by James Wright

As the plump squirrel scampers
Across the roof of the corncrib,
The moon suddenly stands up in the darkness,
And I see that it is impossible to die.
Each moment of time is a mountain.
An eagle rejoices in the oak trees of heaven,
This is what I wanted.

The title for the poem helps establish the mood because it gives us the occasion or the reason behind the poem’s–our speaker, our poet, is so happy he feels compelled to write this poem.  With so many poems stemming from a place of isolation and despair, so many poems that are elegies, or that highlight the depraved and grimy living conditions of American life, it’s rare to see a poem that so openly declares itself optimistic.  And so it’s a great example of a “happy” poem to show off.

More than that, it’s a tiny little poem that operates according to pretty basic free verse conventions.  We have a setting established in the opening lines, and we can from the speaker’s POV that we are somewhere in the country, observing nature.  The juxtaposition of the squirrel and the moon widens the scope of the speaker’s vision.  He moves from the small little scurrying animal to the cosmic, and though moons usually plague a lot of poetry, here the moon’s nuance, and seems to arrive with an epiphany: it is impossible to die.

Wait? How is it impossible to die? We all die.  We all know that we die, so what is Wright trying to say?  The way I read this epiphany is: because each moment of time is damn near infinite (is a mountain), time’s slack, it’s depth and dimension allow us to soak in each moment to such degree that death disappears from consciousness, gets jettisoned from the frontal lobe.

The poem ends with our speaker personifying the desires of the eagle, suggesting that the eagle is rejoicing, but also Wright seems to be dumping the speaker’s realizations and feelings onto the bird.  “This is what I wanted,” seems to be the speaker’s sentiment about the moment in nature, about the epiphany.  Wright’s able to do a lot of psychological work quickly, and without too much overly calculated steering.  I feel like I arrive at the epiphany in much the same way he did because of the telescoping, the camera angles.  It’s a beautiful and highly charged poem.  And if you can get beyond the central focus on death, you can see that it’s pretty damn happy.  Which is a feat in itself.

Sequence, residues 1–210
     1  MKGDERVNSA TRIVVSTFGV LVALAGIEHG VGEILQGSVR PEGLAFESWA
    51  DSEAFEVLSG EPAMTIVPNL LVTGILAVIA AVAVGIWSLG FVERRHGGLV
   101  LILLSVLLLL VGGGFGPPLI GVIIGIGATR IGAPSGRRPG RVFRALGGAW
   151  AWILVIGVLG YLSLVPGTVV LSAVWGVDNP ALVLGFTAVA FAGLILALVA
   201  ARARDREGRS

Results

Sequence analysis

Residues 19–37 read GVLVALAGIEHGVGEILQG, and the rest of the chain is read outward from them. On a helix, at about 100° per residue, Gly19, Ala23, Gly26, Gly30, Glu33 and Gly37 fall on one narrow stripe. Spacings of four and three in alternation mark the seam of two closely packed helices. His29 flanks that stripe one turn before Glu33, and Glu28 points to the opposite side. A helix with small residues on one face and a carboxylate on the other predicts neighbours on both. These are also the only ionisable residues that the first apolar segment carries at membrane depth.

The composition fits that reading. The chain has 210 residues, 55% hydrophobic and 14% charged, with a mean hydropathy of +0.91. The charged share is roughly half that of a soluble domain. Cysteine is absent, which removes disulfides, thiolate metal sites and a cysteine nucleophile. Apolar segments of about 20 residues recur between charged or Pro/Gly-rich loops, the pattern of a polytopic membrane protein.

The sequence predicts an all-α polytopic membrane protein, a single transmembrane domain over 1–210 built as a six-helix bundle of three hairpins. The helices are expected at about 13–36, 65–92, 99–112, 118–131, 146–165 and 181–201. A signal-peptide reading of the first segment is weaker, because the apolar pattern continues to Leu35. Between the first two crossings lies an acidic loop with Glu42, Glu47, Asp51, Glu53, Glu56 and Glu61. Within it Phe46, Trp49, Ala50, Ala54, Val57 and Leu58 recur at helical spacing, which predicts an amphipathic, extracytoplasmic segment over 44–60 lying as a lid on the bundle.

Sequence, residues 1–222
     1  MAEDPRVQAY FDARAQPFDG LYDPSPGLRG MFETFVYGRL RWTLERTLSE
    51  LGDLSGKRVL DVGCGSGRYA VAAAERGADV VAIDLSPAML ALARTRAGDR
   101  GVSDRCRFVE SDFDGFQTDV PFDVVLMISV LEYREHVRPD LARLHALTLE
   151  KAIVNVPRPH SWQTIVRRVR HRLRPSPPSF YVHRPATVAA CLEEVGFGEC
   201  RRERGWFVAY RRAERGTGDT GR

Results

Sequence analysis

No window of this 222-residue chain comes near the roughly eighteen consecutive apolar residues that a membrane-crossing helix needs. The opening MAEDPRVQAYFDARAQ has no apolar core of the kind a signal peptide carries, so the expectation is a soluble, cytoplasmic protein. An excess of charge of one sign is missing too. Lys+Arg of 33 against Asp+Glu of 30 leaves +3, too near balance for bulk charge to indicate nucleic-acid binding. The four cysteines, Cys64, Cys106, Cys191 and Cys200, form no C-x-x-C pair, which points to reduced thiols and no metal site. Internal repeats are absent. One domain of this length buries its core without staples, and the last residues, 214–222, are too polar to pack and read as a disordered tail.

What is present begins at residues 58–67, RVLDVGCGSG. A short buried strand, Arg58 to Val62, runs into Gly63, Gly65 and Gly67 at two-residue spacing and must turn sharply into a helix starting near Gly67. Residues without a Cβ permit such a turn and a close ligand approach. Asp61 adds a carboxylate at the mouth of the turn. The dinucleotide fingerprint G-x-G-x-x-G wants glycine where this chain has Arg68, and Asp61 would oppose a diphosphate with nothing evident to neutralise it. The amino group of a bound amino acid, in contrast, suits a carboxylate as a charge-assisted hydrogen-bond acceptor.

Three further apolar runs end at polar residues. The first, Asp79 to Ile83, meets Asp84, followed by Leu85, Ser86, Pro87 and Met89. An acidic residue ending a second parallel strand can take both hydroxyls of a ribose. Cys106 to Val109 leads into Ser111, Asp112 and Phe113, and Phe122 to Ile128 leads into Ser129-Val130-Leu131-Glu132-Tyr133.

Taylor Collier

A Few Words on W.B. Yeats’s “A Coat”

W.B. Yeats is one of the most famous poets to ever write in the English language.  His work straddled the 19th and 20th centuries, and he’s one of the best narrative poets, an Irish national treasure.  Here’s one of his shorter, simpler poems, which reveals the kind of playfulness and delight in that final word:

2016-03-05 19.01.14

The poem works as a conceit, or an extended metaphor.  The song (or poem) that our speaker makes into a coat is actually referencing poetry, which also makes the poem an ars poetica, where the poem discusses its own creation.  So what did our speaker embroider into this coat, this song? Old stories from every part of the body (from head to toe is too much a cliche, so we dance around it with “heel to throat” which is more precise anyway).

We have a shift in the poem after the semi-colon with the word “But.”  But what happened to the coat our speaker made out of their song? The fools caught it! So here the song and coat create  interesting tensions in the different ways the fools can catch them.  Physically, but also figuratively.  And what did the fools do? Wore that coat, that song in the world’s eyes as though it had come from them.  So our speaker here complains that his creation gets commandeered by fools, by idiots, who want to take credit for it.

But rather than get angry with these fools, which seems like my natural impulse, our speaker shows us a different way of reacting to this feeling of being robbed or betrayed: let them take it.  Don’t worry song, don’t worry coat, these people can have you.  Why? Because, and obviously here’s the funny part:  there’s more to be gained in walking naked.  The sentiment seems funny, satisfying the rhyme from “take it,” but it’s also rings to an air of truth.  Sure, what good’s a coat, a song, that’s been yanked away? Better to be raw, exposed, and not wrapped in those old mythologies.  Better not to be in the company of fools.  So let them take it.

Taylor Collier